A working replica of a 15th Century ship discovered in Newport could sail on the River Usk within a decade, according to those restoring it.
Archaeologists from the Basque region hope to build a working version of the ship after they complete a similar project in Spain.
Wood from the region was used to build the vessel, which was found buried on the banks of the Usk 15 years ago.
Friends of Newport the Ship said a replica would be "wonderful".
Archaeologists from the Basque heritage body Albaola are already working to restore a 16th Century whaling ship called the San Juan.
Members of the Friends of the Newport Ship (FONS) have travelled to the Basque region to discuss the possibility of a replica of their ship being built.
FONS chairman Phil Cox said: "They've always had an interest because we have the absolute designs for the ship, we have the physical ship, we have the model here in one-tenth scale.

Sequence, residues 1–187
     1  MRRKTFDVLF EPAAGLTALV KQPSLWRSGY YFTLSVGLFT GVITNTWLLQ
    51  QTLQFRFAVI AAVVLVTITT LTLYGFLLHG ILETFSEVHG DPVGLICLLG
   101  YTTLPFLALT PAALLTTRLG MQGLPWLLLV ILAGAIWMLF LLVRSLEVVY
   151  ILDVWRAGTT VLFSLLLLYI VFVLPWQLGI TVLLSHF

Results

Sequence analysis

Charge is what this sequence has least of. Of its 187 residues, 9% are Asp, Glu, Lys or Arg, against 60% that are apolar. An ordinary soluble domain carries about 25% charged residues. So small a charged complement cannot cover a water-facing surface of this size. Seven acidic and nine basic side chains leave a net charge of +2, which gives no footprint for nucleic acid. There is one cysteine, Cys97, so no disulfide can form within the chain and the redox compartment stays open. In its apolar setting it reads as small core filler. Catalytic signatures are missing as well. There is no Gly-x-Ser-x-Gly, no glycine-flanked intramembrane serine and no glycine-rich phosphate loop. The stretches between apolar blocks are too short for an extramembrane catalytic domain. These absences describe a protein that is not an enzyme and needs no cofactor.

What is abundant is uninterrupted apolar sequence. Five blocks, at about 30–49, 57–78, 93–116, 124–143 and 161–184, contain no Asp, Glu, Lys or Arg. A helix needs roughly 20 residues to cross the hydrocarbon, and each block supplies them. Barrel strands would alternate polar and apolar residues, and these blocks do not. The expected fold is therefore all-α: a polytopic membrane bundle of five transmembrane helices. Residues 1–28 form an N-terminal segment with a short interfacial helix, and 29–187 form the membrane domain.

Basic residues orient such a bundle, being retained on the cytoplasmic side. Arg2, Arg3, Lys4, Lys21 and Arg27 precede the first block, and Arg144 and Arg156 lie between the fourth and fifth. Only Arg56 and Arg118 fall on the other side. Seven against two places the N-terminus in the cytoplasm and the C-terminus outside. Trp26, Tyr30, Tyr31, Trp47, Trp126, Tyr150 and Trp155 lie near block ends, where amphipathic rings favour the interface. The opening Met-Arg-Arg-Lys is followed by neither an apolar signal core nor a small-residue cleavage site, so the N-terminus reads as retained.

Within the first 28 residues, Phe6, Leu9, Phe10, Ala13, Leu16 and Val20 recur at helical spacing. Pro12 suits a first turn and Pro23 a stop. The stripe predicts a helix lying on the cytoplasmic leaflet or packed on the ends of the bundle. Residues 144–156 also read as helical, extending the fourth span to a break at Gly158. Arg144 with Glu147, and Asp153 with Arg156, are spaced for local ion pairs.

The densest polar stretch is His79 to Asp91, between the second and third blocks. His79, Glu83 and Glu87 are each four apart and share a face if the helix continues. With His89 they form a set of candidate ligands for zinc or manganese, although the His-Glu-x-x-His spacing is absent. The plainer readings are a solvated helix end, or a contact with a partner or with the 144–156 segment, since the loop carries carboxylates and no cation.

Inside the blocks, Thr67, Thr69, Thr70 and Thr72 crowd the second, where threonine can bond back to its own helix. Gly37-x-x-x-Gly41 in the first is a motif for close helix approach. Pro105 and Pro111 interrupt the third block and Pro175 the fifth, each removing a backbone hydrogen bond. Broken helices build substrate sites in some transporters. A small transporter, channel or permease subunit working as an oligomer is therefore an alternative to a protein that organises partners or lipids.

"They can recreate that almost exactly."
Mr Cox said there was a strong link between the Basque country and the ship, and funding for a replica could come from the authorities in the region and the Spanish government.
"Our ship was Basque-built, built somewhere on the northern coast of Spain in the Basque Country," he said.
"The timbers were cut from the forests probably behind Bilbao and brought long to somewhere near San Sebastian for the ship to be built, to be in service by 1451 - and only in 1451 was Columbus born."
The Newport Medieval ship is the most complete example of a 15th Century clinker-built merchant vessel ever discovered in the UK.
It was found during building work for the Riverfront Theatre in 2002.
Its timbers are currently being refurbished, with the hope of eventually putting it on display in a museum in Newport.